Similar to our study, Lambers Heerspink et al. found that SGLT-2i (dapagliflozin) therapy for 12-weeks in patients with T2DM is associated with an increase in renin (PRA) and in contrast to our study an increase in serum aldosterone. There was a 33.3% increase in PRA from baseline compared to a 14.8% increase in aldosterone suggesting that if the ARR had been calculated it may have been significantly reduced. Changes in PRA and aldosterone levels with SGLT-2is were compared to changes seen with hydrochlorthiazide. While the change in aldosterone was similar to that seen in the hydrochlorthiazide treatment arm the change in PRA was not as pronounced [35]. Cherney et al. noted a significant increase in aldosterone with no significant change in PRA in participants with type 1 diabetes treated with empagliflozin with and without renal hyperfiltration [23]. The ARR was not calculated. It is worth noting that in this study, participants were sampled under steady state euglycemic or hyperglycemic clamp conditions (established using insulin and glucose infusions) after only 8 weeks of empagliflozin therapy. Furthermore, in this study, participants were advised to adhere to a high-sodium (>140 mmol/d) and moderate protein diet (<1.5 g/kg/d) in the days leading up to sampling, to avoid volume contraction and RAAS activation from sodium depletion. A relatively high salt diet for 7 days prior to sampling is similar to the oral sodium loading test used as a confirmatory test for PA. A combination of being volume replete with sodium loading and simultaneous infusion of fluid (glucose and insulin) would be expected to suppress aldosterone production. The complex sampling protocol (with varying rates of infusion of insulin and glucose) may interfere with the interpretation of the effect of SGLT-2i on aldosterone and renin. Cortisol was not measured; thus the potential acute impact of adrenocorticotrophic hormone (ACTH) on aldosterone in this study could be missed.

In our cohort, aldosterone did not increase in parallel with renin increase. Blockade of RAAS with Angiotensin-converting enzyme (ACE) inhibitors or Angiotensin II receptor blockers (ARBs) may have prevented the increase in renin stimulating aldosterone release. While the increase in renin may stimulate the conversion of angiotensinogen to angiotensin I, ACE-inhibitors or ARBs inhibit the production of aldosterone either by preventing the conversion of angiotensin I to angiotensin II (ACE-inhibitors) or preventing angiotensin II from binding to angiotensin II receptors (ARBs). The proportion of participants on ACE-inhibitors or ARBs is similar to that in Heerspink et al.’s dapagliflozin study where an increase in renin out of proportion to that of aldosterone was observed [35]. Furthermore, previous studies have shown that increased adipose tissue is associated with increased circulating aldosterone [36] [37] [38] [39] and weight loss is associated with a reduction in plasma aldosterone and renin [40]. If part of the weight loss in our study was due to a reduction in body fat in addition to volume depletion, a reduction in aldosterone (and renin) may have also been expected.

Of importance, the proportion of participants who were screen positive for PA decreased from 20 to 5% – although this was not statistically significant. In addition, the participant who remained positive following SGLT-2i had almost a 50% decrease in the ARR. This coupled with the increase in renin and the decrease in ARR suggests that measuring ARR for case detection of PA in the context of SGLT-2i increases the possibility of missing cases of true PA. The current guidelines put a high value on avoiding the risks associated with a missed diagnosis of PA [1].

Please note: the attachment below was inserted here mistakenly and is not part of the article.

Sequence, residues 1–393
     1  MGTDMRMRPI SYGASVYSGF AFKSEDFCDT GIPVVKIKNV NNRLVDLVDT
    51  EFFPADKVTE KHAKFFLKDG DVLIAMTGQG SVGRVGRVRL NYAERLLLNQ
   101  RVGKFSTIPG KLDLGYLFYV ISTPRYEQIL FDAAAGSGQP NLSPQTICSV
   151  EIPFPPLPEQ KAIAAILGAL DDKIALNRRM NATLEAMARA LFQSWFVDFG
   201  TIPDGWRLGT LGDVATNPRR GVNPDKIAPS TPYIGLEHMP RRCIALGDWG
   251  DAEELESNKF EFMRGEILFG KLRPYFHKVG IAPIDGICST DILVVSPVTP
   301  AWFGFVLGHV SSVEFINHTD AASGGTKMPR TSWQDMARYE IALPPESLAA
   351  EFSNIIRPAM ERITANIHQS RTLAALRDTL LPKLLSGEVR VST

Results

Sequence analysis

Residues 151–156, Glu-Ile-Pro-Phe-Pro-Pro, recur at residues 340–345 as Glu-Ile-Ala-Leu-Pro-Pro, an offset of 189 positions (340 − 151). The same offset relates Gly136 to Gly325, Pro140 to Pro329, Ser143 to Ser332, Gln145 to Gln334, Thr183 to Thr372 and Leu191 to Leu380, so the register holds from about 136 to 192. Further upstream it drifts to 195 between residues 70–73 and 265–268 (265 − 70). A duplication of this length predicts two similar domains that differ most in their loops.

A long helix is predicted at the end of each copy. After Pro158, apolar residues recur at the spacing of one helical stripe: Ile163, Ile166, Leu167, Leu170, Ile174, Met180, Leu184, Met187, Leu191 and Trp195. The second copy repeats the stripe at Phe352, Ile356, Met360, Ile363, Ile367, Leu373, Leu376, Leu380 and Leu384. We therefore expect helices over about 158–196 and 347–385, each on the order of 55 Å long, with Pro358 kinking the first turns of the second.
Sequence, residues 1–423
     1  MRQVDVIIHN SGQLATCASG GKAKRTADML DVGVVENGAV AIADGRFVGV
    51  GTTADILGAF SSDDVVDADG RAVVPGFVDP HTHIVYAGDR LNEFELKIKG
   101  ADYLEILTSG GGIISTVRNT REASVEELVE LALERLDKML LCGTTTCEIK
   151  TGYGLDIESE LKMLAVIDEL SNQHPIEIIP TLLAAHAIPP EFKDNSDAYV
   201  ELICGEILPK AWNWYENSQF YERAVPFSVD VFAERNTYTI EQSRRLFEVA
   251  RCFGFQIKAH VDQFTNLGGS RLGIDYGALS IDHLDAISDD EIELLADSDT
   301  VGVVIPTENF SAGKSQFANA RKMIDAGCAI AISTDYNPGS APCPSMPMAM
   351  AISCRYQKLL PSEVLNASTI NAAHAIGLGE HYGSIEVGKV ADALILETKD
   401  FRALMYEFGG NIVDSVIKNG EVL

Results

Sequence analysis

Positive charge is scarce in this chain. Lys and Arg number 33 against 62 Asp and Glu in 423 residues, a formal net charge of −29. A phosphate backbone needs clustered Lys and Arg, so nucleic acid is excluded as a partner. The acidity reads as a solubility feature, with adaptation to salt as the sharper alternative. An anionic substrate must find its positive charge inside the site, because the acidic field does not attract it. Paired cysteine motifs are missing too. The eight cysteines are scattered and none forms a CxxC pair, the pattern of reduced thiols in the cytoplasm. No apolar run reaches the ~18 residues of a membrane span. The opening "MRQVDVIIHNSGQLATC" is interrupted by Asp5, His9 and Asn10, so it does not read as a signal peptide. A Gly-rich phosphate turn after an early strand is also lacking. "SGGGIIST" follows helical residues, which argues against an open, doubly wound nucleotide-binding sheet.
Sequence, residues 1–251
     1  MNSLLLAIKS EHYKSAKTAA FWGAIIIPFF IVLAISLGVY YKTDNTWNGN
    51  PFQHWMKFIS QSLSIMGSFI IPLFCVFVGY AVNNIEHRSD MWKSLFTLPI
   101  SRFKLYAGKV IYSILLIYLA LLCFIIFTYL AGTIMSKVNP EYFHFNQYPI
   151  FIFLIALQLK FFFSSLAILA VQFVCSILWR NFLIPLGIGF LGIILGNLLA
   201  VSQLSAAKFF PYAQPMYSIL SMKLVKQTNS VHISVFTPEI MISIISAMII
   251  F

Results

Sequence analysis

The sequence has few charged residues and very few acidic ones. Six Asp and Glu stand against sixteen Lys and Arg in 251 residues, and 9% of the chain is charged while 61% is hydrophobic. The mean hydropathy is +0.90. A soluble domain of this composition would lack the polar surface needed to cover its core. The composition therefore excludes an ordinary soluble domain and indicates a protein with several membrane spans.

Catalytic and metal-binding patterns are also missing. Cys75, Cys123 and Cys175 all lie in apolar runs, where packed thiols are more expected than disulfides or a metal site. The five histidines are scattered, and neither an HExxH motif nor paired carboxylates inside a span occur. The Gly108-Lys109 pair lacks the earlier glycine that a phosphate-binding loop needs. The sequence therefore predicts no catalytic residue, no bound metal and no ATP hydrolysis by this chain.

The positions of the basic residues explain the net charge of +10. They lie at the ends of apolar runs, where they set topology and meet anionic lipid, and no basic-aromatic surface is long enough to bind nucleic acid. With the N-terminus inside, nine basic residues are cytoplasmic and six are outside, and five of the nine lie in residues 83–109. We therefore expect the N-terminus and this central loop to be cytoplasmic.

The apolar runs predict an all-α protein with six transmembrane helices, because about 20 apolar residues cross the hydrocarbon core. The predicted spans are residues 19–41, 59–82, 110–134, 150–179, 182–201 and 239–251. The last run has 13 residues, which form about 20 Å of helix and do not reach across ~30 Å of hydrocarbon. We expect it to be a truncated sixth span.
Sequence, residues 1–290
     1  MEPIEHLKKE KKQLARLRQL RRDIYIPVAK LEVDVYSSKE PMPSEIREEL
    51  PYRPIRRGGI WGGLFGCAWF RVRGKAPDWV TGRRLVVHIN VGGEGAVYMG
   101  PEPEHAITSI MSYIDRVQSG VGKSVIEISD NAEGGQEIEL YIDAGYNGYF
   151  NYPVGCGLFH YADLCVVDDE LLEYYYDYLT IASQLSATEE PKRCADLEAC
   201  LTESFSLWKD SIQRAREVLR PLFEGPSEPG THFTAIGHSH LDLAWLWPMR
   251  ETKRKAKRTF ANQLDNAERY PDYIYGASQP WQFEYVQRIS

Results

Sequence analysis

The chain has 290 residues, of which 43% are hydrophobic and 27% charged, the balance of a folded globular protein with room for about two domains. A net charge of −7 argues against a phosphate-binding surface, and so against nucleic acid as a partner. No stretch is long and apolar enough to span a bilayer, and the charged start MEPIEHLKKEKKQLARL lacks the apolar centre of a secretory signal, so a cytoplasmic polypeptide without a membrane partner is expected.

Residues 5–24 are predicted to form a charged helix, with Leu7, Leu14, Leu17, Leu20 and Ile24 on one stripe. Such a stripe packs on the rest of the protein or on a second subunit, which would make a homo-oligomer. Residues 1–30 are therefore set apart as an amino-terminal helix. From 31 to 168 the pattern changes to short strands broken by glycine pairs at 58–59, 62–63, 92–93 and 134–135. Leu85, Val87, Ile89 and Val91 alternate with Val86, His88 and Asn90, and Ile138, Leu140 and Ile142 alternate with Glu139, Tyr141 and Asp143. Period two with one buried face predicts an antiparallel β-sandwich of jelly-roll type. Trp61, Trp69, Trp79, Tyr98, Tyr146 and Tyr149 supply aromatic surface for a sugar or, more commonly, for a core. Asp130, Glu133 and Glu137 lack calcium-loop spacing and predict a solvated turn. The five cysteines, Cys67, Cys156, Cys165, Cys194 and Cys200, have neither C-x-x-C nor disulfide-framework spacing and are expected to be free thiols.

We recommend withdrawal of SGLT-2is prior to measuring the ARR. Although we have not established the optimal withdrawal duration in this study, there are multiple studies suggesting when volume status may return to normal following discontinuation of SGLT-2is. In the EMPA-REG outcome study, eGFR normalised a median of 34 days after discontinuation of SGLT-2is [41]. Withdrawal of SGLT-2is for 4-5 weeks could be considered, guided by markers that may suggest volume depletion returning to baseline (such as eGFR, urea, haemoglobin and haematocrit). This timeline requires further study.

Although we have demonstrated for the first time that SGLT-2is have the potential to cause a significant reduction in the ARR due to an increase in renin with no significant change in aldosterone, it must be acknowledged that this study has several limitations including a relatively small sample size (n=20). Notwithstanding, we used a study design that provides good statistical power; each study participant acted as his/her own control. Our findings however, need to be validated in a larger cohort. Furthermore, it is worth noting that 4 out of 24 patients (16.67%) who enrolled in this study had to stop their medication due to an adverse side effect profile or due to non-compliance. While the inclusion of a clinical cohort with T2DM (with their complex pathophysiology, multiple interfering medications at different doses and varying adherence to prescribed therapy) may be considered a limitation, it is worth noting that our study represents a real-world clinical scenario for screening patients for PA. By selecting participants at risk of PA, we felt we were more likely to identify patients who would be screen positive thereby providing the opportunity to determine if SGLT-2is would increase the risk of false-negative screens. To date, despite appropriate investigations and follow-up, no patient in our cohort has a confirmed diagnosis of PA. Much of the baseline literature on medication interference with the ARR has been derived from patients without PA [42] [43] [44]. Thus, the fact that our study was carried out in patients without PA does not preclude making clear conclusions about the potential effects of SGLT-2is on the ARR. The varying lengths of patient follow-up is also a potential study limitation. The minimum time to patient follow-up was appreciable at 111 days. From this study we cannot, therefore, determine how long SGLT-2i would need to be discontinued to minimise the risk of false-negative results. Clearly further study is required, both in patients who have SGLT-2i therapy discontinued to determine the optimal duration of withdrawal for ARR sampling and in patients with PA.